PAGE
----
According to Tiramisu, at some point the city’s hipsters crossed an invisible line, a border between what could be rationally deemed hip/cool and a lawless/paranoid realm seemingly devoid of not just logic/reason but style/verve—with chilling/depressing results.
“It’s just gotten to the point where I think people are fucking confused. I mean, take fashion. It’s like some out-of-hand fusion-cuisine restaurant menu that you need to smoke pot to even contemplate ordering from. You go out and see the Icelandic Björk look mixed with grunge from the nineties, with weird hats, and everybody’s hair color and consistency is just too super-unique, as if they’ve planned it all, with flowy ruffle skirts underneath corduroy and lots of yarn. Yarn! And hand-knits and bad hats, and Web design and weird sculpture and everything is about the wooliness of people’s beings. Natural growth. Like a fucking Berkeley/gypsy/Darien, Connecticut, thrift store, all magically knit together with yarn. And weird old coats with lots of stripes and piggy shoes. And that’s not even getting into sneakers.”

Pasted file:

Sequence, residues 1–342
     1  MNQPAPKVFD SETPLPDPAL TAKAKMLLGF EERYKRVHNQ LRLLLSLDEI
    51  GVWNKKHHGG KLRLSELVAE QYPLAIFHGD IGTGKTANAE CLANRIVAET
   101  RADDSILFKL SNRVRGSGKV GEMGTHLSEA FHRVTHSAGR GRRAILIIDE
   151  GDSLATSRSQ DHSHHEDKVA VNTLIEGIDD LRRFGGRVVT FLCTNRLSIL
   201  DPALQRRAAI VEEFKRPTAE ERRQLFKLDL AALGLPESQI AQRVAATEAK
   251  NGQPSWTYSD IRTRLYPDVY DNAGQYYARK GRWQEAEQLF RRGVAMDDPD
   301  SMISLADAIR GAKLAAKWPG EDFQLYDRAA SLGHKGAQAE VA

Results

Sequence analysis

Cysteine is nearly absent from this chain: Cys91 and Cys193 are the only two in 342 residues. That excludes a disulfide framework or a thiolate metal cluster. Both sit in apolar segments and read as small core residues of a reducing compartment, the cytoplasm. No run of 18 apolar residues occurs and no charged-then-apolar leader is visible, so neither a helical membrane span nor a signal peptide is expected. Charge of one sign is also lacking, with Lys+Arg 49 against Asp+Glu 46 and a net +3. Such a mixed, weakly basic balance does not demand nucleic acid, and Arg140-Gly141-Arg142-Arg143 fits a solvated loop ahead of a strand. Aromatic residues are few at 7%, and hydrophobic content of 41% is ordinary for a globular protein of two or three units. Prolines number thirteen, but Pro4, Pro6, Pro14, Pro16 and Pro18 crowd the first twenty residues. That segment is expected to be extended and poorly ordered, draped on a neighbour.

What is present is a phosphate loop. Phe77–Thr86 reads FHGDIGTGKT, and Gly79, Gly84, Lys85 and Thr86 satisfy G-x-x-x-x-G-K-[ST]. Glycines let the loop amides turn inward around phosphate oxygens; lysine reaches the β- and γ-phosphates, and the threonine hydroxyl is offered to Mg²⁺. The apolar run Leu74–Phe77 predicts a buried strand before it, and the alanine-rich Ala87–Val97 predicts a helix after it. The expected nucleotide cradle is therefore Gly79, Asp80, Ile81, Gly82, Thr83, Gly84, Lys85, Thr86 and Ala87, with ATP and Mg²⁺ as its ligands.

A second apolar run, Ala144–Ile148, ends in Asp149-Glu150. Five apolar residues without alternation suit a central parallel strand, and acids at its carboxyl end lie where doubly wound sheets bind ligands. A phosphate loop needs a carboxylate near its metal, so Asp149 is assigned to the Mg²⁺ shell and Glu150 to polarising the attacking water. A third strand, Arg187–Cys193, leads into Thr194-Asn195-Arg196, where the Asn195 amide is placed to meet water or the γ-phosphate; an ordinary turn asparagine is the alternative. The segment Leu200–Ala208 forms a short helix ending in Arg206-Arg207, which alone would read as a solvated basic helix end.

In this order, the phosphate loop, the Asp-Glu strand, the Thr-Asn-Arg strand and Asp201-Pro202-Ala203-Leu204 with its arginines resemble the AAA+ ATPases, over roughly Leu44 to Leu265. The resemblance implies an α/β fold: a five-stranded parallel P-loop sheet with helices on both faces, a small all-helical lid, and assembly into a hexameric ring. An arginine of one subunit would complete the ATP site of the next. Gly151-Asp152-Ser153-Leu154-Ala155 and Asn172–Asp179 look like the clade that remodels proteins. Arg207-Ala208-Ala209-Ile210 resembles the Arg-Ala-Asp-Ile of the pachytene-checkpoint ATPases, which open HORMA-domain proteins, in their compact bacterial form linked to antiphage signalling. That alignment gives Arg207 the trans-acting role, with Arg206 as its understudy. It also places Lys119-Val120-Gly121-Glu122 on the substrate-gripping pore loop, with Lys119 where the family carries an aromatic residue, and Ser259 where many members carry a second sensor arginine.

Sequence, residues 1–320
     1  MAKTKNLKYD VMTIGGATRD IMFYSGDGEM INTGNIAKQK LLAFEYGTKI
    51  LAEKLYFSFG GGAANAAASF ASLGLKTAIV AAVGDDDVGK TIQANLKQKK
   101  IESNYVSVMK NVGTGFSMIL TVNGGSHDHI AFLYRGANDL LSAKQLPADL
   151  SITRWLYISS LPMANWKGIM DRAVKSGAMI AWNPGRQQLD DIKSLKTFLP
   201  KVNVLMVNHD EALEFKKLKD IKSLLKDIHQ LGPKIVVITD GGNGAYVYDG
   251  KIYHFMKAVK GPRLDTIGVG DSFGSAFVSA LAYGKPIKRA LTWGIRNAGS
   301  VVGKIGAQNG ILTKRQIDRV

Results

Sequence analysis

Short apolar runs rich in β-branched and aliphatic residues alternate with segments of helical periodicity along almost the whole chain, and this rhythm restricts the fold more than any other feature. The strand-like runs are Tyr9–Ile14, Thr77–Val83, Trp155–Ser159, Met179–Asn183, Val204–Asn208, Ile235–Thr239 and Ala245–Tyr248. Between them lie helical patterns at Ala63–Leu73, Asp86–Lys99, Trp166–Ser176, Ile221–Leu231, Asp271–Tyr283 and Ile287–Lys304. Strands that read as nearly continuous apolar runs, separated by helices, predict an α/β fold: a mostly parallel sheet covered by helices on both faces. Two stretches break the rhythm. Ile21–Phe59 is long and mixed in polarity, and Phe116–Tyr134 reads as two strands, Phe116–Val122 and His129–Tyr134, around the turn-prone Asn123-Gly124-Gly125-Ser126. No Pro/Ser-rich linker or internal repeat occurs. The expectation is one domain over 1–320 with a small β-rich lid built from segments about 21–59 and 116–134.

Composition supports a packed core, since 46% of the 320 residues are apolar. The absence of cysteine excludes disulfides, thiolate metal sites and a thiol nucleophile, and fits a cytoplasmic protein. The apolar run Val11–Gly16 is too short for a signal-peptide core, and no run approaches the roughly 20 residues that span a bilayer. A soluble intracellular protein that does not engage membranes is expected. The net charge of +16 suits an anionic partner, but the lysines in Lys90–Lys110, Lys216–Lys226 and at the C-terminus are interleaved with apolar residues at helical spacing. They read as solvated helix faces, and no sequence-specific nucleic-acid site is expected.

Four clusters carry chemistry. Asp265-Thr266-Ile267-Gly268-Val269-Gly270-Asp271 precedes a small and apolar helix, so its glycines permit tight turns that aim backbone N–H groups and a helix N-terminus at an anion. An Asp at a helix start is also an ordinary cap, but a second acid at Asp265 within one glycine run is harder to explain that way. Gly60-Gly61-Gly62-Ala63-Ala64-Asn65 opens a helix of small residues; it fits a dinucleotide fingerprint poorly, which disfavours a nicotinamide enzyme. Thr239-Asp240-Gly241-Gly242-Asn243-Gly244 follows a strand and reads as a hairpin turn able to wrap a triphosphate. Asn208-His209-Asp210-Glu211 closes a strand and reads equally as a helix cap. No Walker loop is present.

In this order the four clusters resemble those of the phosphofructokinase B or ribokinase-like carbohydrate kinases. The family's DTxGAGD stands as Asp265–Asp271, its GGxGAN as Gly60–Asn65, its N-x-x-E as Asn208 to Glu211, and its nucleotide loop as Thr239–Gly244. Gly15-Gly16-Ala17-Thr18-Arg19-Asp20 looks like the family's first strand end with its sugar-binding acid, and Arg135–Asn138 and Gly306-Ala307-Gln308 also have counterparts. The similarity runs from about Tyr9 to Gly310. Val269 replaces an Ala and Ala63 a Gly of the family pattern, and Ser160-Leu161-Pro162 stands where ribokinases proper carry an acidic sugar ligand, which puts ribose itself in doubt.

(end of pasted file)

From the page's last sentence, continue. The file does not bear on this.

“Christ, did I just say all that?”
Tiramisu begins to cry.
Many of the hipsters made up for this article seemed to share, if not Tiramisu’s exact brand of anxiety and verboseness, then her furious, if somehow still disaffected belief that not only has the New York “scene” reached its hip high-water mark but that the city as a whole is approaching an almost biblical point of no return.
“I’m not saying the whole place is going to turn to salt, but once I hit the Holland Tunnel, I don’t plan on looking back,” says Jarret Tallulah, a self-described “independent homosexual artist and small-business owner.” The 32-year-old heir to the Tallulah Flour fortune has been in New York for only six months, most of which he’s spent inside a 5,000-square-foot loft on Washington Street in the meatpacking district.
“I hate it here with all my soul,” he says. “The rent on my loft, my 5,000-square-foot loft, is $1,180 a month.” He rolls his eyes. “I know. The landlord and my father were both admirals in the Navy. Whatever. But it’s not enough to keep me somewhere I feel underappreciated creatively.”